The second question asks, in essence, what meaning is to be given to the expression 'financed for the most part‘ in Article 1(b), second subparagraph, third indent, of Directives 92/50, 93/36 and 93/37.

28.
    For that purpose it is necessary to consider whether 'for the most part‘ means a specific percentage, or whether it is to have some other meaning.

29.
    Contrary to the submissions of the Commission and the Governments under Article 20 of the EC Statute of the Court of Justice, supporting a quantitative interpretation of the term 'for the most part‘, so that it would refer to public financing in excess of 50%, the University maintains that it is to be interpreted qualitatively. The University contends that account should be taken only of payments which confer on those making them control of procurement. However, if the interpretation should be quantitative, then the term must on any view be taken to mean that the financing in question is predominant. This, according to the University, can only be the case where it represents three quarters of the total financing.

30.
    That interpretation cannot be upheld. Apart from the fact that there is no support for it in the wording of Directives 92/50, 93/36 and 93/37, it does not reflect the ordinary meaning of the phrase 'for the most part‘, which in normal usage always means 'more than half‘, without it being necessary for one group to be predominant or preponderant as regards another.

31.
    That is, moreover, borne out by the wording of Article 1(2) of Council Directive 93/38/EEC of 14 June 1993 coordinating the procurement procedures of entities operating in the water, energy, transport and telecommunications sectors (OJ 1993 L 199, p. 84), which defines 'public undertaking‘ as, inter alia, an undertaking in which the public authorities hold, directly or indirectly, the majority of the undertaking's subscribed capital or control, directly or indirectly, the majority of the votes attaching to shares issued by the undertaking. As the Advocate General noted in paragraph 58 of his Opinion, if such quantitative criteria are sufficient to classify an undertaking as a 'public undertaking‘, that must be the case a fortiori when determining the conditions under which public financing is to be regarded as 'for the most part‘.

32.
    In addition, interpreting 'for the most part‘ as meaning 'more than half‘ is consistent with the provisions in respect of one of the other cases referred to in Article 1(b), second subparagraph, third indent, of Directives 92/50, 93/36 and 93/37. According to those provisions, the term 'body governed by public law‘ also includes any body having an administrative, managerial or supervisory board 'more than half‘ of whose members are appointed by the State, regional or local authorities or by other bodies governed by public law.

33.
    Accordingly, the reply to the second question is that, on a proper construction, the term 'for the most part‘ in Article 1(b), second subparagraph, third indent, of Directives 92/50, 93/36 and 93/37 means 'more than half‘.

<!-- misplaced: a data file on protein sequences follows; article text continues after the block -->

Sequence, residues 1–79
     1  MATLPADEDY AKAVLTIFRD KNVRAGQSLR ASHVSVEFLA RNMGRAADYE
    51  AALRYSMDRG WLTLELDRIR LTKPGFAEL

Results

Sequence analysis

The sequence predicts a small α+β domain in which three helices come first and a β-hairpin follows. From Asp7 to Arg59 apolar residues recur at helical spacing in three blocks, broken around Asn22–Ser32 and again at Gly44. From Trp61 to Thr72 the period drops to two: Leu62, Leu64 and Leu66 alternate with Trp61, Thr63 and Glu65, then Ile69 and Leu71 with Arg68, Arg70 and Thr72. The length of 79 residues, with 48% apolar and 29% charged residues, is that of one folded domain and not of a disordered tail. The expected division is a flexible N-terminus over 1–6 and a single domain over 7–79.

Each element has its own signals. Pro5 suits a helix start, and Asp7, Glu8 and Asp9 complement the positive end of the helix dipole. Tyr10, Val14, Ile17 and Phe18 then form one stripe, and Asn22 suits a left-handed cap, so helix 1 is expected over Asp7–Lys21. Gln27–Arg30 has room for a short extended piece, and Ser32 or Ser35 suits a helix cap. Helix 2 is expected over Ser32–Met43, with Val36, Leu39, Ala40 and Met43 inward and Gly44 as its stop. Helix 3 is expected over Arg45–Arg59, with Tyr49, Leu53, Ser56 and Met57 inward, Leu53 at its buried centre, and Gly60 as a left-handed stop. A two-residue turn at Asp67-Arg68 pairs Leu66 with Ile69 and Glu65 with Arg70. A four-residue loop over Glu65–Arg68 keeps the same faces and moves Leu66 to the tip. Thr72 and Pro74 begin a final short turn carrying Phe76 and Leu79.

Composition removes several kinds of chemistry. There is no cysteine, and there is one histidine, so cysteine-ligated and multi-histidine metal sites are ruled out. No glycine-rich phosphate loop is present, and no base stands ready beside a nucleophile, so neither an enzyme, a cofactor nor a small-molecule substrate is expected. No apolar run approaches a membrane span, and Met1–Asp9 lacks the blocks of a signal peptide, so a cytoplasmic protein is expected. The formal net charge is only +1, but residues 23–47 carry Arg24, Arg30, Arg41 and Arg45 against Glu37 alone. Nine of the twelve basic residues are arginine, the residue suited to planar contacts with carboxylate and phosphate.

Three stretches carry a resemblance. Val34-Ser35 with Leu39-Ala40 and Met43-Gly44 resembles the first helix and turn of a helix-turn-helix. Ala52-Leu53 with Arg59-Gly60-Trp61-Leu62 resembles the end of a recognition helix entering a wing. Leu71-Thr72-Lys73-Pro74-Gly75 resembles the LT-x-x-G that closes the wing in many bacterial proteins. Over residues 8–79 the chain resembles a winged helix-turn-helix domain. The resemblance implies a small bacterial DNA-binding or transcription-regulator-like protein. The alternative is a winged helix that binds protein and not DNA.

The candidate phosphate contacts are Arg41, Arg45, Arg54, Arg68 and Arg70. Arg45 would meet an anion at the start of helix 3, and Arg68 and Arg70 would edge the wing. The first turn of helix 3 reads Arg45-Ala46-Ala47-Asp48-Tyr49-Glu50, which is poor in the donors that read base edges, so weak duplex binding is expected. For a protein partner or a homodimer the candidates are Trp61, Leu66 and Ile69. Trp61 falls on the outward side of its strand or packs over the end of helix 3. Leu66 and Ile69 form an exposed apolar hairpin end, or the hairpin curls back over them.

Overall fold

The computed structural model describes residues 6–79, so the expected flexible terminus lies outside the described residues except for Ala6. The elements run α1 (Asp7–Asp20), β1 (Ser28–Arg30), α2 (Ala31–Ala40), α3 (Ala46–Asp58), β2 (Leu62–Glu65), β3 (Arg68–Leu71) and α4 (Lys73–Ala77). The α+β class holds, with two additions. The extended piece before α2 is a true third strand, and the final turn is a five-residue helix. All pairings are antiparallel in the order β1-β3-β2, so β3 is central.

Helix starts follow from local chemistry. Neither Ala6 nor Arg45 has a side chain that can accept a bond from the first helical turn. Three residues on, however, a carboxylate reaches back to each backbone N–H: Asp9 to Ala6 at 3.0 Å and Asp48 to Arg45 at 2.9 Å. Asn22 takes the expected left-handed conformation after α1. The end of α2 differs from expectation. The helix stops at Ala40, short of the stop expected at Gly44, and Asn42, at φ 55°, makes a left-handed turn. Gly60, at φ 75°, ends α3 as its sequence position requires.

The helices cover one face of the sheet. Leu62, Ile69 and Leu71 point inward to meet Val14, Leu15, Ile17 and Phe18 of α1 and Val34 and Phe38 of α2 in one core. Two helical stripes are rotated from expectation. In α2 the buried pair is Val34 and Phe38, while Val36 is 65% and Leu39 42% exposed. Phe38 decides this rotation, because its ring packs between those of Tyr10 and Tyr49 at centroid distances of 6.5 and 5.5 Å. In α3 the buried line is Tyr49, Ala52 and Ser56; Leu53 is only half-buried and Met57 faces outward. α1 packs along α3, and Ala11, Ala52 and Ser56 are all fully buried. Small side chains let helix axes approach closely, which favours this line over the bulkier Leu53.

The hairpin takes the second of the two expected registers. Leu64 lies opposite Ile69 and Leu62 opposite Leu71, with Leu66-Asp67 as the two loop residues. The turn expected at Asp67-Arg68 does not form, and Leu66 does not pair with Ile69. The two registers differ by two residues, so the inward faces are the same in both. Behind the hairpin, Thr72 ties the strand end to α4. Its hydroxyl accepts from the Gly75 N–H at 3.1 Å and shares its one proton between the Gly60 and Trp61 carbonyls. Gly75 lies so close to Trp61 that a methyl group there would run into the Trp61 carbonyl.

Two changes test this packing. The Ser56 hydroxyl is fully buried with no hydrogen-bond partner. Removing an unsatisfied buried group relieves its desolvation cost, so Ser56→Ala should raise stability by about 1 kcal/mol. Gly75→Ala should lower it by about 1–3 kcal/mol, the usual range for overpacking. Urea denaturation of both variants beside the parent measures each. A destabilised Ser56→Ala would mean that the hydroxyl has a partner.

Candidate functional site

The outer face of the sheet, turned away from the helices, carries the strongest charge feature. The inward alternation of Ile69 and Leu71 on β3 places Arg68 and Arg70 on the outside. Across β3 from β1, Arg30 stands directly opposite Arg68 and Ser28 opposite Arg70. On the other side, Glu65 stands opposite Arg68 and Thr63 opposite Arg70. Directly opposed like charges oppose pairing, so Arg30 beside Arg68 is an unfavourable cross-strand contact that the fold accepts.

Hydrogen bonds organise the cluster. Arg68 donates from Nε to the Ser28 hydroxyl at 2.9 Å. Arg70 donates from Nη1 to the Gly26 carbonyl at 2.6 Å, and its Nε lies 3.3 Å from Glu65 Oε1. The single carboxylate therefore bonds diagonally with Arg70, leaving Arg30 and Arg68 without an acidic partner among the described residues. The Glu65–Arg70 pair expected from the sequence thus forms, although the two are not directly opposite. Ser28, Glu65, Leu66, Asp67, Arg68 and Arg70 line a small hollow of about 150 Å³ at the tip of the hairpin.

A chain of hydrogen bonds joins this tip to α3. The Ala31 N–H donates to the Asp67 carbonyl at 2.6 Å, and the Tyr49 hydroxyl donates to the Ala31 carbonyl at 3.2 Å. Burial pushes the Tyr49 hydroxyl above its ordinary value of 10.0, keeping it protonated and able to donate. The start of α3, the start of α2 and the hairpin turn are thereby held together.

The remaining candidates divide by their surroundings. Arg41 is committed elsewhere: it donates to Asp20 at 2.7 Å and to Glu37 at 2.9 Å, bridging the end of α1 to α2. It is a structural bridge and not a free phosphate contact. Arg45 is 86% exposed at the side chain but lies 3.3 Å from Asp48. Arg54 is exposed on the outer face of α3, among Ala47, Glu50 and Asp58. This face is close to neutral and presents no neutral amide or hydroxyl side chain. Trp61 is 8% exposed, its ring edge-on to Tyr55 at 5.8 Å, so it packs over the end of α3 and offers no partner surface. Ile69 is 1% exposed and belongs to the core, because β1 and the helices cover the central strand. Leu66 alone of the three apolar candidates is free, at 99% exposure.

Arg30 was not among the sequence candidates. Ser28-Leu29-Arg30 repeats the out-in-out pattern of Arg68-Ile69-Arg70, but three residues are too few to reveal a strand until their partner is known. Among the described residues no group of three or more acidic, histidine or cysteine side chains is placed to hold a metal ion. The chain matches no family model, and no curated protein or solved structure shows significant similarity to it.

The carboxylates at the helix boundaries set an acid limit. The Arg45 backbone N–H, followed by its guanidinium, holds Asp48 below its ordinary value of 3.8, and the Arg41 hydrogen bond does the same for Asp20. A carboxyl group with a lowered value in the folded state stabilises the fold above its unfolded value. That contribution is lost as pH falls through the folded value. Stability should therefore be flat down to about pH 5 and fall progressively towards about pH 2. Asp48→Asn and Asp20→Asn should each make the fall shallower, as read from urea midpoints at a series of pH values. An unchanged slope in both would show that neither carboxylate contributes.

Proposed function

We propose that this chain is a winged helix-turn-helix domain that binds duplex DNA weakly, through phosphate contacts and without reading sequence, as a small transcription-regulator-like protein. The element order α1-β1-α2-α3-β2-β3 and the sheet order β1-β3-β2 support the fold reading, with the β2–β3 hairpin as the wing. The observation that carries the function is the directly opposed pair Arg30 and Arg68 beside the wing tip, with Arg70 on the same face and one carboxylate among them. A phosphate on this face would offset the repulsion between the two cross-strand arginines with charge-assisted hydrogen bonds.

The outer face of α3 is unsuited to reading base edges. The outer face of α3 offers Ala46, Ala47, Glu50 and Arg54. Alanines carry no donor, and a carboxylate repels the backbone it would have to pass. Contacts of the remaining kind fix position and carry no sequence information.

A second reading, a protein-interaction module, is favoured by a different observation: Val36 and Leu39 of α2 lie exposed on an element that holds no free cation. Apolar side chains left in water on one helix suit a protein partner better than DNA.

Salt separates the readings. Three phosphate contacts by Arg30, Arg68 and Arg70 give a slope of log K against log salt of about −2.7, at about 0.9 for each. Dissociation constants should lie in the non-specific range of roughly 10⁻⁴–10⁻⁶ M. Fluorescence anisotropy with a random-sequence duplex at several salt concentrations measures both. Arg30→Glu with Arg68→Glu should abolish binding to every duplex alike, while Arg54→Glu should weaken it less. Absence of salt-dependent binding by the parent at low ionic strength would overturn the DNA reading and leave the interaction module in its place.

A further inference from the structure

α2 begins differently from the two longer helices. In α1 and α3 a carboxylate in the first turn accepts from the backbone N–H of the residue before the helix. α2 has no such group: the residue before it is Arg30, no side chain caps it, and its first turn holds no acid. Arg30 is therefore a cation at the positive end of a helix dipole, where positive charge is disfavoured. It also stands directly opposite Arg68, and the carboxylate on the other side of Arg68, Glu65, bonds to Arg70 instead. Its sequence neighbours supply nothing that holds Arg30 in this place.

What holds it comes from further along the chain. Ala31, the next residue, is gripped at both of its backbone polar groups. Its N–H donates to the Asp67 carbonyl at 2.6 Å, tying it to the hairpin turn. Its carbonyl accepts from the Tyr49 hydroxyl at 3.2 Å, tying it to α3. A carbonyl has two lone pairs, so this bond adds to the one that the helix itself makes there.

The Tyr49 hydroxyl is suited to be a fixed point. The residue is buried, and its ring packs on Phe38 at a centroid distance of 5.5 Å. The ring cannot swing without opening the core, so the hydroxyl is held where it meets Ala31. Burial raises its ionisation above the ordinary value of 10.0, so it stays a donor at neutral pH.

Third question

34.
    In the third question, which is closely linked to the previous two, the national court asks, in essence, what is to be included in the basis for calculating the financing which is 'for the most part‘ public. In particular, it asks whether all sources of financing for the university are to be taken into account when determining whether financing is 'for the most part‘ public or whether regard should be had only to sources of finance for academic and related activities.

35.
    As to that, it is sufficient to note that when Article 1(b), second subparagraph, third indent, of Directives 92/50, 93/36 and 93/37 refers to financing which is 'for the most part‘ from public sources, that necessarily implies that a body may also be financed in part in some other way without thereby losing its character as a contracting authority.

36.
    The reply to the third question is therefore that in order to determine correctly the percentage of public financing of a particular body account must be taken of all of its income, including that which results from a commercial activity.

Fourth question

37.
    In the fourth question the national court asks what period is to be taken into consideration in calculating the university's financing and how account is to be taken of changes which may occur in the course of a procurement procedure, when determining whether the university is a 'contracting authority‘ for the purposes of a particular procurement.

38.
    It is to be noted at the outset that in the absence of an express provision to that effect in Directives 92/50, 93/36 and 93/37, the reply to both parts of this question must take into account the requirement of legal certainty, as stated by the Court in paragraph 34 of Mannesmann Anlagenbau Austria (cited above). Although in determining whether a body is to be regarded as a 'contracting authority‘ for the purposes of a specific procurement regard must be had to its precise financial situation, it is also necessary to ensure a measure of foreseeability for the procurement procedure, when the financing of a body such as the University may vary from one year to the next.

39.
    Although the directives are silent as to the period to be taken into consideration when determining whether a body is a 'contracting authority‘, they do contain provisions regarding the publication of indicative notices from time to time whichmay provide useful guidance for the reply to this question. Article 15(1) of Directive 92/50 and Article 9(1) of Directive 93/36 provide expressly that indicative notices are to be published by the contracting authorities 'as soon as possible after the beginning of the budgetary year‘ where the total amount of the procurement 'which they envisage awarding during the subsequent 12 months‘ is equal to or greater than ECU 750 000. The provisions thus imply that the contracting authority retains that status for 12 months from the beginning of each budgetary year.